Tuesday, May 15, 2007

Popular Vote VS. Electoral College

"Each State shall appoint, in such Manner as the Legislature thereof may direct, a Number of Electors, equal to the whole Number of Senators and Representatives to which the State may be entitled in the Congress: but no Senator or Representative, or Person holding an Office of Trust or Profit under the United States, shall be appointed an Elector." -Article Two of the United States Constitution.

The "Are we actually a Democracy?" debate has been bandied about forever...and more intensely after the 2000 election. Many Americans hate (don't understand?) the Electoral College. Now North Carolina, sick of not being a major player in presidential elections (they only have 14 votes), is joining those who want the vote to be by popular vote.

"...N.C. lawmakers may join a nationwide push to decide presidential elections by popular vote instead of the Electoral College.

A state Senate committee gave its blessing Monday to a bill in favor of abandoning the Electoral College system.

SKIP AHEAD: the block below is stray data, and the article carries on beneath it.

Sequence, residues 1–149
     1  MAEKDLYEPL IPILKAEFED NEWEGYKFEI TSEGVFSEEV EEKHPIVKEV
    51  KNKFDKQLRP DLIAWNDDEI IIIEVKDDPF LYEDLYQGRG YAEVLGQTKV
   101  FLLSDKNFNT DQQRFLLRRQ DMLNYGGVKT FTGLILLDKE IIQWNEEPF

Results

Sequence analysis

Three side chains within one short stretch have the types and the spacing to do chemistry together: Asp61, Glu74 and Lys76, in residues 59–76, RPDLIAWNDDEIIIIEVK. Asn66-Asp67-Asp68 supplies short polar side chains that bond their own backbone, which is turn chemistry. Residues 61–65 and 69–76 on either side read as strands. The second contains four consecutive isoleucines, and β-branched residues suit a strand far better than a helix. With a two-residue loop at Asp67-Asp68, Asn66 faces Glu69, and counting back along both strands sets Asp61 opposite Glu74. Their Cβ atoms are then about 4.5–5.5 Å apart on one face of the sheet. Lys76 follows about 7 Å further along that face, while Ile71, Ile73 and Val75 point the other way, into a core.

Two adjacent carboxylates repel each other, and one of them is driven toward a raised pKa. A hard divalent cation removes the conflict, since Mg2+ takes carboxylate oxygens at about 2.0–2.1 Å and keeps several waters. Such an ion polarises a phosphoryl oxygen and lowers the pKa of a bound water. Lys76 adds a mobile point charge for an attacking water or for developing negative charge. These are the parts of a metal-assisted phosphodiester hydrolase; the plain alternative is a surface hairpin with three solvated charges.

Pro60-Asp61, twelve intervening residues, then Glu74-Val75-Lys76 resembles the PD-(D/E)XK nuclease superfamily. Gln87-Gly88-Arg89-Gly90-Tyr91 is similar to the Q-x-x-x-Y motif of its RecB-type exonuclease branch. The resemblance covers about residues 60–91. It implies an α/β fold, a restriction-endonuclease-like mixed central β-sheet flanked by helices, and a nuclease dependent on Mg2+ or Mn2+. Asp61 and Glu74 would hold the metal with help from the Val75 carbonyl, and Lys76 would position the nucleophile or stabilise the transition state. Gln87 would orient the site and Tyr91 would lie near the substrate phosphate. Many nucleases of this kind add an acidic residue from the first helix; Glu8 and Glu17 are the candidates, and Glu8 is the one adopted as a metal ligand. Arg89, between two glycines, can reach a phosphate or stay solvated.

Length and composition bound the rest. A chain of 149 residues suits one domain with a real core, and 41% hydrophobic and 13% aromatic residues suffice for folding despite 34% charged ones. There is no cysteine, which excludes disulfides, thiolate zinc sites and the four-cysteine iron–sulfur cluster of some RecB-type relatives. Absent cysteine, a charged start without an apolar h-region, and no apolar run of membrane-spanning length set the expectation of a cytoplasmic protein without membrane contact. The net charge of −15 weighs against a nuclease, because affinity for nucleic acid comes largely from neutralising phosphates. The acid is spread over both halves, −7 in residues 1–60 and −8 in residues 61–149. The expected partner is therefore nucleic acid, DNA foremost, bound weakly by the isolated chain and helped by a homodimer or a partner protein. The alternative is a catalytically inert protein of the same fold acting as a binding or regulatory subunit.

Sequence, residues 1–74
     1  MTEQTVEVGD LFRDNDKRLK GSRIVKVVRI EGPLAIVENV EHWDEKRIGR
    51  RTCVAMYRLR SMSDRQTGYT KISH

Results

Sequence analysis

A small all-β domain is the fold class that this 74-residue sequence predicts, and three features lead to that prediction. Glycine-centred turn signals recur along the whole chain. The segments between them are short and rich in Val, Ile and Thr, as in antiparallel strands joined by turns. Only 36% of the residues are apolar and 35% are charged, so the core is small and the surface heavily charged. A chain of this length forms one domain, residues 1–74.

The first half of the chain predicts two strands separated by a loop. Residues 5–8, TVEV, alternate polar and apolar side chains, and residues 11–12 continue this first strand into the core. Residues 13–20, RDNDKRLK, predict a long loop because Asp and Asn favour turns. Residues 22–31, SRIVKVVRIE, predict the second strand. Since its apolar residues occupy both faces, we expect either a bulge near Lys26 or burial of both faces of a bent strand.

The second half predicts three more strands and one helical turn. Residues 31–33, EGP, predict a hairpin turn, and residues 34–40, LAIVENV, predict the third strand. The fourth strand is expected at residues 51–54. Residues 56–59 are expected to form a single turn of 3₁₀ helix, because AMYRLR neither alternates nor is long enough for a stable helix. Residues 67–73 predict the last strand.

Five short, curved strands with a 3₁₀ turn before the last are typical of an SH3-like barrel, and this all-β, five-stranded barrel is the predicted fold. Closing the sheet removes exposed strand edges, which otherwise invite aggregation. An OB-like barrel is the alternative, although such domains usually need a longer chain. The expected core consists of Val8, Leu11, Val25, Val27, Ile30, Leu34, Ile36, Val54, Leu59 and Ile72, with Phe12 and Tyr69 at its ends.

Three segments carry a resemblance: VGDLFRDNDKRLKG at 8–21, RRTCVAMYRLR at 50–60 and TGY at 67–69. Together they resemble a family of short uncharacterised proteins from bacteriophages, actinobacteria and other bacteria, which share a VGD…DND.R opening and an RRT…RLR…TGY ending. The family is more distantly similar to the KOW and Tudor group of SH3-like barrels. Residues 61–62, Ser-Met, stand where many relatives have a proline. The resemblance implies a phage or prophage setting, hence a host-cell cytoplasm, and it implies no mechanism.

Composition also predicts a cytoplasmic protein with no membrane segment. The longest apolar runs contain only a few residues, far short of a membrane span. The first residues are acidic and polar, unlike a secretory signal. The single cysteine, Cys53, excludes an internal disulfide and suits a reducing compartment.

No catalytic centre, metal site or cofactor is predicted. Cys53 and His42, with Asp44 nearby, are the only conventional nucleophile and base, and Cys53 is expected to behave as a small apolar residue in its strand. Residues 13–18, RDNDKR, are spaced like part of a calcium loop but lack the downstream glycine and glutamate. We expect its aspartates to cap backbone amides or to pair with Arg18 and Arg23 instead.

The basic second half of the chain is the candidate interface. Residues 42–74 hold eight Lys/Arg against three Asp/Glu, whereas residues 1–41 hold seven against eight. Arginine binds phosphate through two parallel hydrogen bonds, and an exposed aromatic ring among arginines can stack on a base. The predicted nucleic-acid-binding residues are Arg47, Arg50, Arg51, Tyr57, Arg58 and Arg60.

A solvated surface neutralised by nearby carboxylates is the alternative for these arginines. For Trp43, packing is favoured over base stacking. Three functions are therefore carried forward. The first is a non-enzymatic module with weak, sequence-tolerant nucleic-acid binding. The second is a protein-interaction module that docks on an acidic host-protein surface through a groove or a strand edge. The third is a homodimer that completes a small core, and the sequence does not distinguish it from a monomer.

The measure, being pushed by the California-based National Popular Vote organization, would kick in only if states representing a majority of the nation's 538 electoral votes decided to make the same change.

Despite its booming growth and its rank as the 10th largest state, North Carolina is largely ignored by presidential candidates because it doesn't have enough electoral votes to swing an election, said Sen. Dan Clodfelter, D-Mecklenburg, chief sponsor of the legislation.

"We have (a presidential) election that is increasingly contested in a handful of jurisdictions and states," he said. "Unfortunately, we do not happen to be one of those states." (source)

This should lead us to explore why the founding fathers found this a necessary measure:

"The Electoral College is intended to dilute the votes of population centers that may have different concerns from the majority of the country. The system is designed to require presidential candidates to appeal to many different types of interests, rather than those of a specific region or state." (source)

I don't have a concrete position here. For me, the Electoral College that seems to have worked for the past 231 years isn't the problem. The two party system is the problem...so I'm here to be swayed to either side on this one.

No comments: